Status Update on Reform Law’s Temporary High Risk Pools

April 26, 2011
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The SCOTUS announced yesterday that it will not fast track a Virginia appeals court ruling on the unconstitutionality of the reform law regarding its mandate on individual coverage. One year later, another provision of the ACA — the earmark of government funds (approx. $5B) to set up high-risk pools — continues to enroll healthcare consumers, but not exactly at a breakneck pace.

The SCOTUS announced yesterday that it will not fast track a Virginia appeals court ruling on the unconstitutionality of the reform law regarding its mandate on individual coverage. One year later, another provision of the ACA — the earmark of government funds (approx. $5B) to set up high-risk pools — continues to enroll healthcare consumers, but not exactly at a breakneck pace.

Previous to President Obama’s signing of the reform bill into law, those with high-risk conditions were flat-out rejected for coverage and had to search for alternative means to pay for care (Medicaid, OOP expenses). With the law’s provision in place, those who are able to qualify for such pools are having a much easier go of things, but are running into roadblocks — many of them political.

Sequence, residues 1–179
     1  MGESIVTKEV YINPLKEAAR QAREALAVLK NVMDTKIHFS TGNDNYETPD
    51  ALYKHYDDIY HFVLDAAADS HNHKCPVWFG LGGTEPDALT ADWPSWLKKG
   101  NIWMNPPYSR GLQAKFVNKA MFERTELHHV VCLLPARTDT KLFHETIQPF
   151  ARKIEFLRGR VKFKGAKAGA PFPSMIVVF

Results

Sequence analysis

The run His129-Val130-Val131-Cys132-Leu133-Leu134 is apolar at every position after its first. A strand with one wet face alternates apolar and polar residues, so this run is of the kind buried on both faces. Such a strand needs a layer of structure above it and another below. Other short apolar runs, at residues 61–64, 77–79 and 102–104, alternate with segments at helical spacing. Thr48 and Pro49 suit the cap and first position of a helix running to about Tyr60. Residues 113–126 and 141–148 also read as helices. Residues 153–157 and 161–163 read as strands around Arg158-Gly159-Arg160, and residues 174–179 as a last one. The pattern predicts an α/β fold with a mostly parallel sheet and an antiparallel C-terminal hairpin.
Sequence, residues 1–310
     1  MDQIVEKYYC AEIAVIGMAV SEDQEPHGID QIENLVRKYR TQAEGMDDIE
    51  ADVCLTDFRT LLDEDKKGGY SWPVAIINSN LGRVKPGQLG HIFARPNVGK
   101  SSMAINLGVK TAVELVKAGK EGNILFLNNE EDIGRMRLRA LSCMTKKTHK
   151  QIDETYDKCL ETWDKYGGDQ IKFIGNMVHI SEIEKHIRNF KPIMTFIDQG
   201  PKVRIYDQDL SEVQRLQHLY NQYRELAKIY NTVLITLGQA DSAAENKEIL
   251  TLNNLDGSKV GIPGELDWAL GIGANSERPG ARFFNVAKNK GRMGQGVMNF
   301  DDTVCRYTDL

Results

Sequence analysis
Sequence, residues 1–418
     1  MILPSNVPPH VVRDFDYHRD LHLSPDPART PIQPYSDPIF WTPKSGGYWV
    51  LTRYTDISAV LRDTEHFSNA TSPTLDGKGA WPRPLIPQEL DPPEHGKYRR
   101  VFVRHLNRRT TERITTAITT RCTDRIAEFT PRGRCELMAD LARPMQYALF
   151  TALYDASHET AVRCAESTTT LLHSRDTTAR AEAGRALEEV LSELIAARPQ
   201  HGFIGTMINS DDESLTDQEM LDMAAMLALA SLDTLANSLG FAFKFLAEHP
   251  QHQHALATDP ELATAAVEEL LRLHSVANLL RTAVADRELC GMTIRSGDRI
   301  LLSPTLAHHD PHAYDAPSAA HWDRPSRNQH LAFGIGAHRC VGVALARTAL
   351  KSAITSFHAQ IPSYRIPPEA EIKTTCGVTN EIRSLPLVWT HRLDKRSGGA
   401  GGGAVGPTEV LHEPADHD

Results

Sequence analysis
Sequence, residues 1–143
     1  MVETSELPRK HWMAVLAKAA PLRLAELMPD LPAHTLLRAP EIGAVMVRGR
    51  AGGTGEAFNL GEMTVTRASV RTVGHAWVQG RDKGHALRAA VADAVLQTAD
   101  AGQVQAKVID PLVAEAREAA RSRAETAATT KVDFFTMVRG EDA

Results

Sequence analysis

In (mainly red) states where governors may not support the reform law on constitutional grounds, the adoption rate is much lower among potential policyholders. In many liberal strongholds, however, PR surrounding the availability of pools is benefiting heavily from support of those (mainly blue) states’ chief executives and positive word of mouth. Since high risk pools are run by private insurers, premiums can also be a barrier to entry for many potential healthcare consumers, as well.

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In spite of more aggressive awareness campaigns, development of more coverage options, and lowering of drug copays, enrollment in these pools still remains awfully low. As the Republicans begin to make this issue one of rejection by the American people on the subject of reform, Obama should give serious thought to on how best to move this provision forward. Twenty-fourteen[1] is still quite a ways away. | LINK

  1. After 2014, insurers will be barred from denying coverage on the basis of pre-existing conditions and federal subsidies will help low- and middle-income people buy insurance.

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